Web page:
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So, as we all know, Dual_EC_DRBG contains an NSA back door. At this point, there is no reason to call it a "potential" or even an "alleged" back door; the presence is obvious even to the NY Times.

As we also know, RSA BSAFE has been using Dual_EC_DRBG by default, with a justification so stupid it can only be translated as "because NSA paid us to".

This comment on Ars Technica asserts that Microsoft also uses this generator. But I have seen claims to the contrary. Thus my questions are:

What PRNG does Windows Server use to generate private keys for Certificate Signing Requests?

What PRNG does Internet Explorer on Windows use to generate session keys? How about Chrome and Firefox on Windows?

What PRNG does IIS on Windows use to generate ephemeral key material for PFS?

I am most interested in the latest versions of all of these products, and certainly only those released after 2007. References or at least an air of authority are preferred.

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According to the BCryptGenRandom documentation

The default random number provider implements an algorithm for generating random numbers that complies with the NIST SP800-90 standard, specifically the CTR_DRBG portion of that >standard.

Specifically, according to this the default value is BCRYPT_RNG_ALGORITHM which is:

The random-number generator algorithm.Standard: FIPS 186-2, FIPS 140-2, NIST SP 800-90

Note Beginning with Windows Vista with SP1 and Windows Server 2008, the random number generator is based on the AES counter mode specified in the NIST SP 800-90 standard.

Windows Vista: The random number generator is based on the hash-based random number generator specified in the FIPS 186-2 standard.

Windows 8: Beginning with Windows 8, the RNG algorithm supports FIPS 186-3. Keys less than or equal to 1024 bits adhere to FIPS 186-2 and keys greater than 1024 to FIPS 186-3.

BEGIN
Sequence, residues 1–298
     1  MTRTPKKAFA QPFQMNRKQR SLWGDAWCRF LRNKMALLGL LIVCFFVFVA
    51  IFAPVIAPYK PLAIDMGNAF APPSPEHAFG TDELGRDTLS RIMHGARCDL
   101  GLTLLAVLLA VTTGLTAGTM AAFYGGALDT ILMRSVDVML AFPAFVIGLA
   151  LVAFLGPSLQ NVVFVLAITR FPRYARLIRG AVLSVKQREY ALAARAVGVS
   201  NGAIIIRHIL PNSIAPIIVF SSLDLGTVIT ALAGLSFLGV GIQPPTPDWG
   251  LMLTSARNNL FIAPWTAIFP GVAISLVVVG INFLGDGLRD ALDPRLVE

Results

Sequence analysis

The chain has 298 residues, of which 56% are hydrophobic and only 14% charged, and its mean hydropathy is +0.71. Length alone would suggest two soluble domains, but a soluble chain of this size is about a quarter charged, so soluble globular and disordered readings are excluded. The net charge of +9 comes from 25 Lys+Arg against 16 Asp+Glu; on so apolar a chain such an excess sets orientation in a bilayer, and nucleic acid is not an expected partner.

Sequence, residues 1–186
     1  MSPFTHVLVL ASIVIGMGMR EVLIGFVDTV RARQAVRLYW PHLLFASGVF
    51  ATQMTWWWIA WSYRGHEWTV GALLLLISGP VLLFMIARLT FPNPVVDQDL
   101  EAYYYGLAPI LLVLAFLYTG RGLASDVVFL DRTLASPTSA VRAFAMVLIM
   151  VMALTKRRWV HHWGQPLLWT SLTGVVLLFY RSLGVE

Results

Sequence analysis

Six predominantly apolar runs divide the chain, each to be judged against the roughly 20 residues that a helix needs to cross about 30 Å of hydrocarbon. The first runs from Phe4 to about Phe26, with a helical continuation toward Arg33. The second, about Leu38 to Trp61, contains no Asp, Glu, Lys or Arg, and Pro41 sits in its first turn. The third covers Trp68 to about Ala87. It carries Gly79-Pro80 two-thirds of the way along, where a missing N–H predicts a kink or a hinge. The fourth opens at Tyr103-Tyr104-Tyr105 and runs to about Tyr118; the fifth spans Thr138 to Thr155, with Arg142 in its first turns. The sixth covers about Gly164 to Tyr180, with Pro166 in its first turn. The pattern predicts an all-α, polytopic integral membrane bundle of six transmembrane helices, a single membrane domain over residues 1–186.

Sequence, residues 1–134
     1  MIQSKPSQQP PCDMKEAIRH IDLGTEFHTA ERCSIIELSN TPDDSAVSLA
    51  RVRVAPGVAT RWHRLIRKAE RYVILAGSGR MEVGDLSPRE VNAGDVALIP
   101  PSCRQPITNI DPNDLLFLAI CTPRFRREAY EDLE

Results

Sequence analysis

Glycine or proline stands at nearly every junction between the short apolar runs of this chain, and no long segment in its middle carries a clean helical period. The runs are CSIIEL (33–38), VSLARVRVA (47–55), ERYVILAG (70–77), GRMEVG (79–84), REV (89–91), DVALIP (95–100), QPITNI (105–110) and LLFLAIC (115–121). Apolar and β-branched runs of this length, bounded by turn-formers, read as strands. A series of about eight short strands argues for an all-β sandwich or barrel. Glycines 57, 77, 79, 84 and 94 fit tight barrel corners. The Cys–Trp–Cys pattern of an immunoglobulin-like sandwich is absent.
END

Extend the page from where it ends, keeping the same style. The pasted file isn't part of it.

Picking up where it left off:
An obvious questions is if this is actually the random number generator running. It would be very easy of course to change the value of BCRYPT_RNG_ALGORITHM to BCRYPT_RNG_DUAL_EC_ALGORITHM, especially to specifically target systems or for targeted regions. Given that DUAL_EC_DRBG has a bias, this is testable, but I don't think anyone would typically check.

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This reads like nonsense. (Microsoft's documentation, I mean, not your answer.) What does "keys less than or equal to 1024 bits" even mean in the context of these PRNGs? I read this as saying something changed in Windows 8, but the tech writer does not understand what. Note that FIPS 186-3 is the first revision to incorporate SP 800-90 where the dual EC generator is specified. So Microsoft's language here does not preclude Windows 8 using Dual_EC_DRBG by default. –  Nemo Sep 21 '13 at 18:41
    
I think this means for key generation, depending on the specified key length request, they use different RNGs. –  imichaelmiers Sep 21 '13 at 20:31
    
Not sure about that. How does BCryptGenRandom know what you plan to use the random bits for? Also, would you say this wording implies Windows 8 uses AES counter mode? It looks to me like it just says it "supports FIPS 186-3" which could mean any RNG in SP 800-90. In fact, this wording seems to make a distinction between Vista SP1 / Server 2008 and Windows 8. The real question is what RNG BCryptGenerateKeyPair uses, and I do not think we know the answer yet. –  Nemo Sep 21 '13 at 20:46
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@Nemo BCryptGenRandom does not have to know what to use the random bits for. It is the key generator that chooses which RNG to use. If you have got your own key generator, then above does not apply. In general, if the algorithm is present then you cannot be sure of any key pairs generated by windows unless you know the precise implementation. Same goes if you create your own keys, the only thing you can do to avoid the broken PRNG is to test for the bias or to know the actual implementation of the PRNG you are using. –  owlstead Sep 22 '13 at 15:19
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